University of Pittsburgh
July 29, 2010

Pitt Researchers Help Tout City’s Eco Restoration and Research to Global Audience During Aug. 1-6 International Ecology Conference

Pitt faculty and students will present their research and lead a tour of Pittsburgh’s rehabilitated urban ecosystems during the 95th Annual Meeting of the Ecological Society of America at the David L. Lawrence Convention Center

PITTSBURGH—Once notorious for its tortured ecosystem, Pittsburgh will serve as a model of urban environmental restoration and ecology research for ecologists and environmental scientists from around the world during the Ecological Society of America’s (ESA) 95th Annual Meeting August 1-6 at the David L. Lawrence Convention Center, Downtown.

As part of the conference, the University of Pittsburgh and Pittsburgh Parks Conservancy will exhibit some of Pittsburgh’s restored natural systems during an August 1 tour that examines the successes and challenges inherent in rehabilitating such urban ecosystems as Nine Mile Run. In addition, Pitt faculty and students will present their research—in areas ranging from how automobile emissions infiltrate water systems to the mating habits of freshwater crustaceans—at the convention center throughout the week. Media are invited to attend the tour and the research presentations. More information on the conference is available on the ESA’s Web site.

Pitt assistant professor Dan Bain, of the Department of Geology and Planetary Science in the School of Arts and Sciences, will lead the tour with Bryan Dolney of the Parks Conservancy starting from the convention center at 1 p.m. The first stop is Schenley Park’s formerly weed-choked Panther Hollow Lake to discuss the ongoing effort to make the lake suitable for swimming, boating, and supporting fish. The group also will visit nearby Four Mile Run in the Greenfield neighborhood to explore the city’s water management strategies, including the proposed effort to bring the now-buried Four Mile Run stream above ground again.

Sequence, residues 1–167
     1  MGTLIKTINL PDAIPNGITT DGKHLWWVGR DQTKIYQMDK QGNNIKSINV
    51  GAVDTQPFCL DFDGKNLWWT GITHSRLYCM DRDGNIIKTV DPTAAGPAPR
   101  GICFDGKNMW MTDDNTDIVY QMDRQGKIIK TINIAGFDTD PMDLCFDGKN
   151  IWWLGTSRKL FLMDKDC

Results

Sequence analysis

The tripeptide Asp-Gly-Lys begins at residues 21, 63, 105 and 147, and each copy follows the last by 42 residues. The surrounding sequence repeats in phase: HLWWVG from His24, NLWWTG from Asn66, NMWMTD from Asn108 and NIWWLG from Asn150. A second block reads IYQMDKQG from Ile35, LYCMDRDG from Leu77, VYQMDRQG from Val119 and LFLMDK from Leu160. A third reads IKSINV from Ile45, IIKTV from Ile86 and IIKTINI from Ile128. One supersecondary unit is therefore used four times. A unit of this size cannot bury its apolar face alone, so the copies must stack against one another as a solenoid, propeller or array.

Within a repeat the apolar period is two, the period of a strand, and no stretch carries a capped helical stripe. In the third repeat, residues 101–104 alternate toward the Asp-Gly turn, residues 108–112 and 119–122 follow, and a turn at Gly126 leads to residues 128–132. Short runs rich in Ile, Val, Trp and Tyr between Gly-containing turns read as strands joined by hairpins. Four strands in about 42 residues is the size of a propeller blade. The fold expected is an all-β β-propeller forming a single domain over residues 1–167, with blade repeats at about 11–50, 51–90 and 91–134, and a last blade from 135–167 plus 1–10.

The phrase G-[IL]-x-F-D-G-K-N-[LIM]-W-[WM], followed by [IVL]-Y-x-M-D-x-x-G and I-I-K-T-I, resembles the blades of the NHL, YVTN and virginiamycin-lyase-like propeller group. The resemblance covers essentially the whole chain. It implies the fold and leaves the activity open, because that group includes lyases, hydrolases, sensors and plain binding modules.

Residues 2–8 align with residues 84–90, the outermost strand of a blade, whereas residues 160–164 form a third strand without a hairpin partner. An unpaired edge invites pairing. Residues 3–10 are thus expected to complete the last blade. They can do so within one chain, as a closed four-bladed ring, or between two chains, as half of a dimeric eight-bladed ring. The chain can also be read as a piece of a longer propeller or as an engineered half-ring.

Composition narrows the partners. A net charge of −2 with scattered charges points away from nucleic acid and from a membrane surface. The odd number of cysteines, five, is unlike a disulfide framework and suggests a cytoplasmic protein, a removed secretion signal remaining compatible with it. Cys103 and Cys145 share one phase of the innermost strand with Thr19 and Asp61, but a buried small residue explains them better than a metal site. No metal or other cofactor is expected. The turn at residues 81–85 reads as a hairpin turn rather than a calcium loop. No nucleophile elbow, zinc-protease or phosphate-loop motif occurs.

The tour culminates with a walk along the restored Nine Mile Run beginning around 3 p.m. at Duck Hollow along the Monongahela River and continuing upstream into Frick Park. The $7.7 million restoration of Nine Mile Run converted a heavily polluted area once used as a slag dump into a recreation area and revitalized marsh. Bain and his students helped monitor environmental quality throughout the project and continue to do so. More details about the tour are available on the conference Web site.

During the conference, Pitt faculty and students will present their research on various topics, including environmental restoration, the effect of toxins in the ecosystem, and factors promoting climate change.

The presentations include Pitt projects that have a earned national and international notice such as the decade-long investigation of the impact of pesticides on amphibians—and possibly humans—by Pitt biological sciences professor Rick Relyea; and Pitt geology and planetary sciences professor Emily Elliott’s findings that nitrogen oxides—the noxious byproduct of burning fossil fuels—taint waterways and urban water supplies more than scientists and regulators realize.

A full list of Pitt presentations is available on Pitt’s Web site.

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7/29/10/tmw/jer